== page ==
Directors: Amanda McBaine, Jesse Moss
Cinematographer: Thorsten Thielow
Editor: Jeff Gilbert
Composer: T. Griffin
Streaming Platform: Apple TV+
In the recently released musical Hamilton, we saw a fiery political rivalry between some of America’s Founding Fathers — Alexander Hamilton and Thomas Jefferson (at times, even James Madison). The three disagreed on the constitution, the economics of their nation as well as its governmental structure. They sowed the seeds for the country’s politics by infusing it with the democratic spirit of criticism, argument, and consensus. Bearing a similar throb of America’s politics, but in a different century, milieu and context, is the documentary Boys State on Apple TV+. The documentary doesn’t deal with high-fashioned, adult jockeying. It is more locally rooted. And as a result, it gives us an intoxicating look at domestic and personal politics.
The film focuses on a youthful facsimile of the American political and campaigning system. In here, we see hundreds of high-school freshmen and seniors (all boys) take part in a week-long ‘Texas Boys State’ camp where they replicate the country’s gubernatorial elections. They are divided into two factions — Federalists and Nationalists. Each party has to fill a certain number of bureaucratic posts and campaign for the coveted position — the Governor of Boys State. These lads don’t know each other. And as a result, through vigorous lobbying and canvassing, they need to prove to everyone that their party has the apt gubernatorial candidate. The film’s opening credits also show that famed politicians like Bill Clinton, Cory Booker and Dick Cheney took part in this civic camp in their respective states.
Boys State, as a whole, reeks of macho-ness and testosterone (a lot of it has to do with the fact that they are all from Texas). Every third guy in there is a sinewy jock who’s most likely the “popular kid” in their high-school. A majority of them are fuming conservatives obsessed with the ideas of freedom, anti-abortion, and pro-guns. Some are closet racists, too. They are the kind of people who can sell a load of baloney with absolute confidence. One of them, with wild conviction, said, “Our masculinity shall not be infringed.” It’s an uncanny and terrifying look at how grifting politicians actually do behave. The kids, to weasel their way into getting nominated for Governor, even adopt the mannerisms of such politicians. There’s the Mussolini-styled, authoritative hand gesturing and the gratuitous chest-thumping (for America), too. It is very worrying.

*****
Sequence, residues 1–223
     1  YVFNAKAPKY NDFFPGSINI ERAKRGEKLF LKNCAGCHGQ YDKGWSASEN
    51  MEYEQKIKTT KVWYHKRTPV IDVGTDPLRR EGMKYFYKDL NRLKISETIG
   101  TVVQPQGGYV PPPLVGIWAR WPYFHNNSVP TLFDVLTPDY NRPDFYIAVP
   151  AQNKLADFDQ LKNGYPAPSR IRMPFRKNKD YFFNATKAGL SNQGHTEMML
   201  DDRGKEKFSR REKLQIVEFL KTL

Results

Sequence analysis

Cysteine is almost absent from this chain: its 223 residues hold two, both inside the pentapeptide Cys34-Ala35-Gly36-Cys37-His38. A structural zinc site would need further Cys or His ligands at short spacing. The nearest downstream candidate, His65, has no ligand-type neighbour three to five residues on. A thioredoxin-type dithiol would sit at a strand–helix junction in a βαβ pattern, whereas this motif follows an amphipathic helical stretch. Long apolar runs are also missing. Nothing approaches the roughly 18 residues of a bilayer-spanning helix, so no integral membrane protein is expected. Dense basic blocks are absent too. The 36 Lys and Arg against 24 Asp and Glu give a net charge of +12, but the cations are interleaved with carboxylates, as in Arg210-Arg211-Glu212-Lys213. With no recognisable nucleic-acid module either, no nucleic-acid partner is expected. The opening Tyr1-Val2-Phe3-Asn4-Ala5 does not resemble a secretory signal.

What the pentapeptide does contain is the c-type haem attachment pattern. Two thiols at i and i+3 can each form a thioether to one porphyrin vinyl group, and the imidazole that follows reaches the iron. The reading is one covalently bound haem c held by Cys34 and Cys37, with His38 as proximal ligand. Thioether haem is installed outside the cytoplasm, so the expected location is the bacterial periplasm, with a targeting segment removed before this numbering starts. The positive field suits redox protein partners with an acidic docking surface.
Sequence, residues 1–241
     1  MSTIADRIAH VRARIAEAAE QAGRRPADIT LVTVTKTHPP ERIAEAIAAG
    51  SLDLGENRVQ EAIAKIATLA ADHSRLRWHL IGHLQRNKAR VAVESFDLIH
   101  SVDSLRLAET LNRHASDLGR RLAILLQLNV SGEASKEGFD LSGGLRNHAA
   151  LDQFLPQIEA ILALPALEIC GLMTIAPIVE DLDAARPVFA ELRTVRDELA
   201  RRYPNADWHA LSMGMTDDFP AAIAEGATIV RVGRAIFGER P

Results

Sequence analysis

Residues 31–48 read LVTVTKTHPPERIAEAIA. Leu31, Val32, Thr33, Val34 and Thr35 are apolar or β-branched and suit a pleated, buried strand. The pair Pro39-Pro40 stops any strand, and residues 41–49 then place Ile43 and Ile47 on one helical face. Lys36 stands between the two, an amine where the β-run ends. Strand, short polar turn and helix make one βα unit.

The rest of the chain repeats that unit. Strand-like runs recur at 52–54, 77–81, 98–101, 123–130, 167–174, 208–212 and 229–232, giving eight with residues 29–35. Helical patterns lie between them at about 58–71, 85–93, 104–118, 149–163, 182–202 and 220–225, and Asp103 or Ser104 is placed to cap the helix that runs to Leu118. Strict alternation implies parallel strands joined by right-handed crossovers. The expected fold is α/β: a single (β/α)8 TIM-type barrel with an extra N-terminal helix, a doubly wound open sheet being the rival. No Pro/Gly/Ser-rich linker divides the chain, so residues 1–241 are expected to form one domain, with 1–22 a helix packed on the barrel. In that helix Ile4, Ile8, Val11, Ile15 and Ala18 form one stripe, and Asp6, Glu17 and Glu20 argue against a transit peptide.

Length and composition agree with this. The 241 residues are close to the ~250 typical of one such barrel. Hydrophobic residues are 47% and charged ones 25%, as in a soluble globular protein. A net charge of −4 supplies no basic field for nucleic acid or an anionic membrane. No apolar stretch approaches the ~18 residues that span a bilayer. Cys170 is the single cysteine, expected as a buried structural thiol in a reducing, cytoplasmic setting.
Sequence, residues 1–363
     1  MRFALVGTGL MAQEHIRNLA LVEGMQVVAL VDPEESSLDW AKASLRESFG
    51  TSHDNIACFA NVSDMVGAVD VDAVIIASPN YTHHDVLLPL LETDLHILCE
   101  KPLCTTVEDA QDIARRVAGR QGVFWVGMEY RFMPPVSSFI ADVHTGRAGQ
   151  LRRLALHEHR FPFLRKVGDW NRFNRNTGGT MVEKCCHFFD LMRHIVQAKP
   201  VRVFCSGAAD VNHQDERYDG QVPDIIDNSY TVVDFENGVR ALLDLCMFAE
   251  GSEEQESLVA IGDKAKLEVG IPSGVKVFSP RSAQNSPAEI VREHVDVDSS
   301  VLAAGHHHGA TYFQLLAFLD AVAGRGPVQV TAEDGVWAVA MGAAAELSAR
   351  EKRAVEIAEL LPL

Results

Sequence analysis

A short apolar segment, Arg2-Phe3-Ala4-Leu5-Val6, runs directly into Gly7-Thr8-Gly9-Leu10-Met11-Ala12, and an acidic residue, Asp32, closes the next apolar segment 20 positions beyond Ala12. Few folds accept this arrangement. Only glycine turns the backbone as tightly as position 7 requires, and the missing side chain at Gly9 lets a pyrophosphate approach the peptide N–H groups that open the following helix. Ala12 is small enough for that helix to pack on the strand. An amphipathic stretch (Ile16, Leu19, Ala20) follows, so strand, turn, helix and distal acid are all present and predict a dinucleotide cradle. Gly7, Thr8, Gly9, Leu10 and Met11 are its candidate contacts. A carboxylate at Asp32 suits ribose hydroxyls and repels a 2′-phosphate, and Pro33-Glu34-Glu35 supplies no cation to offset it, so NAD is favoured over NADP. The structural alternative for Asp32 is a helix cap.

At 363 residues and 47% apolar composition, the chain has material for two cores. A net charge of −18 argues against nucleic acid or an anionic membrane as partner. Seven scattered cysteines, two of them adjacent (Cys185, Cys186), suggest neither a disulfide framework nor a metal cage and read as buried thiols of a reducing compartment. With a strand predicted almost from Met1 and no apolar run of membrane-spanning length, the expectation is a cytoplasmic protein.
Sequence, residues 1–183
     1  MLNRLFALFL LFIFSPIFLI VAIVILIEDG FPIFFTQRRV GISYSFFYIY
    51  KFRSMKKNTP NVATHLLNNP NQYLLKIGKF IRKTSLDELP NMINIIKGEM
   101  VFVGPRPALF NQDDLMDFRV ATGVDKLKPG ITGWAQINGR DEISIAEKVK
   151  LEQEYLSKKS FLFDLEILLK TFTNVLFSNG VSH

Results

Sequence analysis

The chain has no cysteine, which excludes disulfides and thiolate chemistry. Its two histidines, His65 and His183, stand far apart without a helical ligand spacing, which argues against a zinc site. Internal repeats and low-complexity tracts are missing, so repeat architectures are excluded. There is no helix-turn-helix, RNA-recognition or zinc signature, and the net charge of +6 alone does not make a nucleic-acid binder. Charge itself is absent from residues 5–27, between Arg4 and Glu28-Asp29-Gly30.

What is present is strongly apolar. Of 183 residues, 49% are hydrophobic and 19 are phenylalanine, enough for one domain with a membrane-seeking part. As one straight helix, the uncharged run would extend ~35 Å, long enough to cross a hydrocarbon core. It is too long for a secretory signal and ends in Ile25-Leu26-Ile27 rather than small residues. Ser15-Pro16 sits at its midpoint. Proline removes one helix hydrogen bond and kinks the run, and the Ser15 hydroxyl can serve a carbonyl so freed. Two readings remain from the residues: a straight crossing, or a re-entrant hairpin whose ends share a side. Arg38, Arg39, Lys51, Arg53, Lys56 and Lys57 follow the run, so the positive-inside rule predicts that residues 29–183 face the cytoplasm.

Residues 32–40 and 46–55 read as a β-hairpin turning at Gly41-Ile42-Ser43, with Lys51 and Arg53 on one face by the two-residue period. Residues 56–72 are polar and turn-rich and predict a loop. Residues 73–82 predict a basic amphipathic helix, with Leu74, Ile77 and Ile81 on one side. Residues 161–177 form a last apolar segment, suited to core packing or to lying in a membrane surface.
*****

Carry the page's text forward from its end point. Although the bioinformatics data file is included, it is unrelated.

There’s a moment in the documentary that reminded me of a quote from House of Cards — “The road to power is paved with hypocrisy.” A gubernatorial candidate and a pro-choice believer, to garner support from a large right-wing battalion, lied about being pro-life in several speeches. While addressing the documentary’s silent interviewer, he said that deceit is necessary to climb the political ladder. The quote and his behaviour are all political truisms by now. The mucky and misty nature of this field is common knowledge. But when this came from a 17-year-old, I twitched. This political microcosm of theirs is ravaged with toxic cynicism, and the film, very ably, uncovers that.